How Anti-Circumcision Activists Try To Squelch HIV/AIDS Science

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Sept. 24 2012 12:07 PM

Amazon Warfare

How an anti-circumcision fringe group waged an ideological attack against AIDS scholarship. page for 'Tinderbox: How the West Sparked the AIDS Epidemic and How the World Can Finally Overcome It.''
The page for Craig Timberg and Daniel Halperin's book, Tinderbox

In March of this year, Penguin Press published Tinderbox: How the West Sparked the AIDS Epidemic and How the World Can Finally Overcome It, by Washington Post journalist Craig Timberg and University of North Carolina epidemiologist and medical anthropologist Daniel Halperin.

Tinderbox explores the role of the West in igniting and helping to spread the HIV epidemic. From HIV’s emergence in central Africa and its later transplantation to Haiti, Western colonialism helped create the conditions and policies in which the lethal virus was able to spread across the world, taking tens of millions of lives with it. During the “Scramble for Africa” near the turn of the 20th century, commercial adventurers blazed new routes through the jungle in search of rubber and riches, sending African porters into remote regions rarely traveled before. It was here, during the age of European conquest, that humans first contracted the strain of HIV that would eventually cause 99 percent of AIDS deaths around the world.

Subsequent Western donor policies further cemented the epidemic’s grip on countries where the disease spread fastest. For example, George W. Bush created the President’s Emergency Plan for AIDS Relief (PEPFAR), which greatly expanded access to AIDS treatment, but at the same time his administration insisted on abstinence as a major method of HIV prevention instead of more realistic measures.


One of the preventive measures discussed in the book, male circumcision, has become an unexpected source of controversy. Anti-circumcision activists have hijacked’s “peer review” comments section, which allows readers to vote on which book reviews are helpful. This system has morphed into a vicious game of character assassination by conspiracy theorists who reject decades’ worth of scientific evidence, showing how easy it is for a concerted crusade to squelch good science.

The evidence that circumcision can prevent the spread of HIV is unequivocal. Circumcision reduces the risk of HIV infection by about 70 percent—making it more effective than most flu vaccines—and it is being promoted by global health authorities such as the World Health Organization and the Centers for Disease Control and Prevention as a simple, permanent, and effective way to help prevent HIV infection. The American Academy of Pediatrics issued a statement last month emphasizing that the health benefits of newborn male circumcision outweigh the risks, and recommended physicians discuss circumcision’s benefits and risks with new parents nationwide.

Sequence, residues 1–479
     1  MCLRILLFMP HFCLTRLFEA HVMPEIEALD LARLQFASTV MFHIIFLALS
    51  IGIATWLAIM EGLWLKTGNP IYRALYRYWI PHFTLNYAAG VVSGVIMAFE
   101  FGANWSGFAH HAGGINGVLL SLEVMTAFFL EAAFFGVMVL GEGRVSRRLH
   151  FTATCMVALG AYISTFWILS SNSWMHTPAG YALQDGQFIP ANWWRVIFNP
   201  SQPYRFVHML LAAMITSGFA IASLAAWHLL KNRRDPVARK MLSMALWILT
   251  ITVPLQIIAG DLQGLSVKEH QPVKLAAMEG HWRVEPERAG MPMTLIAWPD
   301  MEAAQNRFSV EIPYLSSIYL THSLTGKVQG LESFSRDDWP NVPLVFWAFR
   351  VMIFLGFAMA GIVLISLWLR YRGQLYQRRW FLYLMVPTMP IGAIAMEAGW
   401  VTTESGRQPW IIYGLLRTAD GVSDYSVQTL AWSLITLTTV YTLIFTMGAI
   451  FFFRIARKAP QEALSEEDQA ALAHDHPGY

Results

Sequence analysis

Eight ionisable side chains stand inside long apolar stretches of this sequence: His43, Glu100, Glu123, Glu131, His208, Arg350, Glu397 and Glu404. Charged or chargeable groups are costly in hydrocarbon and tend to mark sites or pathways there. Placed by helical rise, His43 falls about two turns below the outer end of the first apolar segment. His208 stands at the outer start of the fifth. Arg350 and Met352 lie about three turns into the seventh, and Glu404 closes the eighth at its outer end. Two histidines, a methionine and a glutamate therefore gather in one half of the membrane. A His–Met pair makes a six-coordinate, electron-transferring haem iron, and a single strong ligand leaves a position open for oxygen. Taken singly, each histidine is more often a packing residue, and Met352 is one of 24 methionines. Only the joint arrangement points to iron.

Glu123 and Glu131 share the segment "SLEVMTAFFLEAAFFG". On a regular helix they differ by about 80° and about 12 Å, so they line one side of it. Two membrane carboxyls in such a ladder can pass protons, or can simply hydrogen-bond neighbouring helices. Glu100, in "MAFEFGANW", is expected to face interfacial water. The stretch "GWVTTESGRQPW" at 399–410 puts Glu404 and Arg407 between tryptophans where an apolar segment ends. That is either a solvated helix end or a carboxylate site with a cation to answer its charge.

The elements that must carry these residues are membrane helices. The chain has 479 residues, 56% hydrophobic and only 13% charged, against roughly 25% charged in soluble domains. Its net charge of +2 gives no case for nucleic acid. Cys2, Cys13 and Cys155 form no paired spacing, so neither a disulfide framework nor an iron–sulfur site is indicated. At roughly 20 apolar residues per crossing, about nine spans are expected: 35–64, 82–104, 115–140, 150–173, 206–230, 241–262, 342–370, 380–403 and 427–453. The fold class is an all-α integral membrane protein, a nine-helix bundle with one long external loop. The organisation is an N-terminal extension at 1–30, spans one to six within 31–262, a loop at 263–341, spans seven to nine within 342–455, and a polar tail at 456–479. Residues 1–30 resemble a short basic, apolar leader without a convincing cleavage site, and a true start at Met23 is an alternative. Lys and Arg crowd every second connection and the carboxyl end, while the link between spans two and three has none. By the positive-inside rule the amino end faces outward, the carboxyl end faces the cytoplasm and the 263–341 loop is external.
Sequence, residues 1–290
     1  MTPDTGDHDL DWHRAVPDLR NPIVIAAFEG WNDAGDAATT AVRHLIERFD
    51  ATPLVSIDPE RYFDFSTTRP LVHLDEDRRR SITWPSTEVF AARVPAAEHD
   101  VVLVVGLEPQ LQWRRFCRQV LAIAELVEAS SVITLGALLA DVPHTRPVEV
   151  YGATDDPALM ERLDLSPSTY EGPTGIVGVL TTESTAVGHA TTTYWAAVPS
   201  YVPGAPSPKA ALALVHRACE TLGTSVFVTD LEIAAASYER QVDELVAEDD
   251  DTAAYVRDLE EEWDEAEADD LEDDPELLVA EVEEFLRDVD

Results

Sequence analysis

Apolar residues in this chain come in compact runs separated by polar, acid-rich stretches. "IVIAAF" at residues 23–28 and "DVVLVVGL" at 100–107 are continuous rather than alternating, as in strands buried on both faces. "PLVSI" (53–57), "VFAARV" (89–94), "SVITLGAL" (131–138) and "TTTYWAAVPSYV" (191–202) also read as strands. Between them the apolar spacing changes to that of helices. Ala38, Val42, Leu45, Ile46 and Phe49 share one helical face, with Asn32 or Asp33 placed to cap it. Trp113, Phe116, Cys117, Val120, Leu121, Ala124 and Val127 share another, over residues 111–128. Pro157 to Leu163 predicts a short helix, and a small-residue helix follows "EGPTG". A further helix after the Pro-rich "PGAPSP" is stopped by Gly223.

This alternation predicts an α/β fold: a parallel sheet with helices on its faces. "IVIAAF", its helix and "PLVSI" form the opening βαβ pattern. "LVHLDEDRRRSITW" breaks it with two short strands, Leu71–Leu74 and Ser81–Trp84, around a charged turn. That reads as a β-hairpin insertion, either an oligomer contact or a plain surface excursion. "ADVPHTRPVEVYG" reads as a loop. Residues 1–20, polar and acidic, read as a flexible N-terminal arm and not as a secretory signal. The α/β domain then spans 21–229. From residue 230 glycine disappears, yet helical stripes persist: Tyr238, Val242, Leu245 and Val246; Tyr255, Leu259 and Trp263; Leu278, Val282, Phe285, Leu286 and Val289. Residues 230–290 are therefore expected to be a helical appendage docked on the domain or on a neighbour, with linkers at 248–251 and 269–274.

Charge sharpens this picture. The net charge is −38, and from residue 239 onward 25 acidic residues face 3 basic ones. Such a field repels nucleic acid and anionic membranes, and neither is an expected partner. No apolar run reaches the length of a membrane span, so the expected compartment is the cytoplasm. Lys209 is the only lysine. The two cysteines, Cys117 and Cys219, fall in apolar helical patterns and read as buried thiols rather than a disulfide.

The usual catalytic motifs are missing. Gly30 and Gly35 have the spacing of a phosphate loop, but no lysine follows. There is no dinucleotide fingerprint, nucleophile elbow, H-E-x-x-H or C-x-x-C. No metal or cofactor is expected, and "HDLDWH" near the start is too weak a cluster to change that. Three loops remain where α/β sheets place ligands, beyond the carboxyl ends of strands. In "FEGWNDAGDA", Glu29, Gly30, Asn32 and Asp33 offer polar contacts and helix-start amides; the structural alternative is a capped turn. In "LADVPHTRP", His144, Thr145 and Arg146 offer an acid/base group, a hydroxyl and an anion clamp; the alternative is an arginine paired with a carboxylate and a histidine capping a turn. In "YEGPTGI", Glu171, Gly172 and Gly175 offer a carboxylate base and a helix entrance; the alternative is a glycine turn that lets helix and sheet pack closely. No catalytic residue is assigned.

Even more than using condoms alone—which must be used correctly every time one has sex over the course of a lifetime—male circumcision as part of a range of HIV prevention interventions has the potential to significantly slow the spread of AIDS in the worst-affected parts of Africa. At a fraction of what it would cost to maintain AIDS treatment for an HIV-positive individual over the course of a lifetime, male circumcision is a permanent and inexpensive prevention method that, when coupled with condoms and counseling, makes sense for countries where HIV is spread mainly through heterosexual intercourse.

Many men in regions with high incidence of HIV are interested in undergoing the procedure. In western Kenya, for example, more than 400,000 men have volunteered for the procedure over the past two years.

Professional reviews of Tinderbox, such as an Editor’s Choice selection by the New York Times, have been favorable, and several media outlets, such as PBS News and the BBC, interviewed the authors.  Most of the initial readers’ reviews on Amazon gave the book the maximum number of five possible stars. After co-author Craig Timberg was interviewed for NPR’s Fresh Air, Tinderbox’s ranking on the Amazon sales site jumped to within the top 150 and stayed high in the rankings for several weeks.

Although male circumcision occupies less than 10 percent of the book’s pages, it was enough to spark outrage among a tiny but passionately vocal fringe group, many of whom call themselves “intactivists.” They argue that the procedure is a grave human rights violation and are lobbying to ban the procedure in many countries.

Although tens of thousands of men who were circumcised as adults and were studied in several large-scale clinical trials (and in a Slate series) reported no loss—and in many cases an increase—in sexual pleasure and function, the intactivists claim that male circumcision is equivalent to female genital mutilation, a practice whose purpose is to constrain a woman’s sexuality and impair sexual function. In one of its worst forms, a pre-teen girl’s clitoris and entire external genitalia are cut, scraped, or burned out, which can cause severe pain, infection, life-long incontinence, obstructed labor and delivery, and even death. To be truly equivalent, one would have to cut off a man’s entire penis in order to produce the same effect, rather than a small flap of skin.